purports to examine the Founding Era and finds a distinct
lack of Christian influence. Yet 80 percent of the “historical sources” on which
it relies to document its finding were published after 1950! That is, to determine
what was occurring in the 1700s, they quote from works printed in the 1900s.

To locate revisionism in a text, look at its tone, the documents it presents,
and the heroes it elevates.

  1. To discover a revisionist tone, find the answers to these questions in
    the textbook: Is exploration and colonization motivated only by the desire
    for land or gold? Are those who promoted religious and moral values portrayed
    as harsh, punitive, and intolerant? Is traditional family ignored? Is government
    presented as statist — that is, that the state (rather than individuals, families,
    churches, or communities) is to take care of society’s needs? Is there a victim
    ideology — a steady diet of those who have been exploited throughout history
    rather than those who have uplifted their culture? Are other religions portrayed
    positively and Christianity negatively (if at all)?
  2. Are original documents presented? (Do students see the actual text or only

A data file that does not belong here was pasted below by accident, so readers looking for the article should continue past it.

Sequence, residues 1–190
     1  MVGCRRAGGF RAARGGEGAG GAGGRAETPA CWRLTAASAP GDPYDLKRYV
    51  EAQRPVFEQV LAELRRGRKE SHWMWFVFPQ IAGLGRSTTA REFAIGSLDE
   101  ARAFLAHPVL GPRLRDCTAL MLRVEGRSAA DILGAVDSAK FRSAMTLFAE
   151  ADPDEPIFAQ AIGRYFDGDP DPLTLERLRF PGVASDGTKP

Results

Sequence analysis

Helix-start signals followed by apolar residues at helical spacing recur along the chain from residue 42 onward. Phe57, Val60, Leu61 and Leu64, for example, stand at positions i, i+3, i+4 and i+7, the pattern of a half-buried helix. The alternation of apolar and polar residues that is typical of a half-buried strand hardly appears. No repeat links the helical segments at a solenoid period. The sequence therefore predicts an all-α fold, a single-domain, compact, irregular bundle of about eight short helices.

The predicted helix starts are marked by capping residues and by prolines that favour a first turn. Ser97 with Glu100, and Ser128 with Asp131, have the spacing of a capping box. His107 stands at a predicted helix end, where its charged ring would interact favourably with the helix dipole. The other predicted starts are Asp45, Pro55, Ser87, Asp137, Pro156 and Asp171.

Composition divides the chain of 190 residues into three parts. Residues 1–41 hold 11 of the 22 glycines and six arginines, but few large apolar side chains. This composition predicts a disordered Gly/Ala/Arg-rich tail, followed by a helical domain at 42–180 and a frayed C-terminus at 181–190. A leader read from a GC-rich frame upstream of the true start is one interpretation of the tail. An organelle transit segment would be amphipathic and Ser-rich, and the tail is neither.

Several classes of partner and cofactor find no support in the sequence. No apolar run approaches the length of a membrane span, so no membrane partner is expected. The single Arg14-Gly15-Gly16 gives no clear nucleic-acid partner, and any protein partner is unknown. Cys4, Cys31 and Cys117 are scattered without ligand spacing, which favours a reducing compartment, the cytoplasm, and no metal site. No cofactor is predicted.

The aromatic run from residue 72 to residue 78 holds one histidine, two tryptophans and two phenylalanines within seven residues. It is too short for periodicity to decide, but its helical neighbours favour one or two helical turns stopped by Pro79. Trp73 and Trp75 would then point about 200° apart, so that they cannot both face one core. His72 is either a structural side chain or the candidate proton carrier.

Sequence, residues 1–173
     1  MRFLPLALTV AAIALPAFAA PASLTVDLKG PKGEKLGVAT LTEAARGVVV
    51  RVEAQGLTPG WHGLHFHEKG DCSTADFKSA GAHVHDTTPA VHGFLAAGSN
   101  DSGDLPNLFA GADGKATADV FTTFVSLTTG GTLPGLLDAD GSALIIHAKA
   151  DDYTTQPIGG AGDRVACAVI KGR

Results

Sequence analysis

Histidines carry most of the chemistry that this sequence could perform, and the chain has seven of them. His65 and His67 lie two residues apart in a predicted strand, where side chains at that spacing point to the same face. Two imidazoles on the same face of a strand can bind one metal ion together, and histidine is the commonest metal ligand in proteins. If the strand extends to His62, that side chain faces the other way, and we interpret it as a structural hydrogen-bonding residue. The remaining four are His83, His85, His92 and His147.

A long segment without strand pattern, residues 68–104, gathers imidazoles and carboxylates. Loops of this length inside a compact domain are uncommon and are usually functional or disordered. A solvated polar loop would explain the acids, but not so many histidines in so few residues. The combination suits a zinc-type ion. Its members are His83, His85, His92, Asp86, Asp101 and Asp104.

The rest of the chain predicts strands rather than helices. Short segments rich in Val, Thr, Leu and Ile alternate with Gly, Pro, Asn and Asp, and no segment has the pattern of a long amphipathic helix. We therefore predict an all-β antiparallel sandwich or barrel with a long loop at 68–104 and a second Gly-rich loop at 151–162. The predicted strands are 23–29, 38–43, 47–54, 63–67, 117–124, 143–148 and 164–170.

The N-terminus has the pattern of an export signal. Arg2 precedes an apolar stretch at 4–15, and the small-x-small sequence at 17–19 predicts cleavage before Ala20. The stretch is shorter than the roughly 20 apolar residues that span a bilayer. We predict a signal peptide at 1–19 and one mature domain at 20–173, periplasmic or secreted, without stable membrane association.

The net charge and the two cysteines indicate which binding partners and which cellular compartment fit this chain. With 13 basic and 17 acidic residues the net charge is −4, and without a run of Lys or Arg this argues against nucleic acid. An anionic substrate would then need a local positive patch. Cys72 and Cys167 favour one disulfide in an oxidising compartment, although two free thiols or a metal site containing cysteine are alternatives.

what someone else says about it?) Do they see the Mayflower
    , the Declaration
    of Independence
    , the Constitution,
    ‘s “Farewell
    ,” and Abraham
    ‘s Second Inaugural Address? Are the documents
    heavily edited to present only a sentence or two or do they provide a substantive
    amount of text?
  3. Who are the heroes presented? Do they tend to be angry – fighting an unjust
    society or government? Do they tend to be modern heroes only? Do they tend
    to be only secular leaders? For example, the U. S. Capitol displays some 100
    statues of the most important individuals in America’s history; a significant
    percentage of those statues are of ministers and Christian leaders. Will your
    children receive in their textbooks at least the same view of American heroes
    that is presented in America’s pre-eminent government building?

When examining a text, always remember that your children do not know as much
about history as you do and consequently have no basis for identifying bias.
Therefore, examine each text as if you knew nothing at all about history except
what is presented in that text; on that basis, will you be pleased with the
tone toward America inculcated in your child through that text? If not, then
urge your school to get a better text or be diligent to supplement for your
children what is missing or wrongly presented in the text.

It is not melodramatic to state that America’s future rests on what is taught
to our children, for as Abraham
wisely observed:

The philosophy of the school room in one generation will be the philosophy
of government in the next. (attributed)

Famous American educator Noah
therefore rightly admonished:

The education of youth should be watched with the most scrupulous attention.
. . . [It] lays the foundations on which both law and gospel rest for success.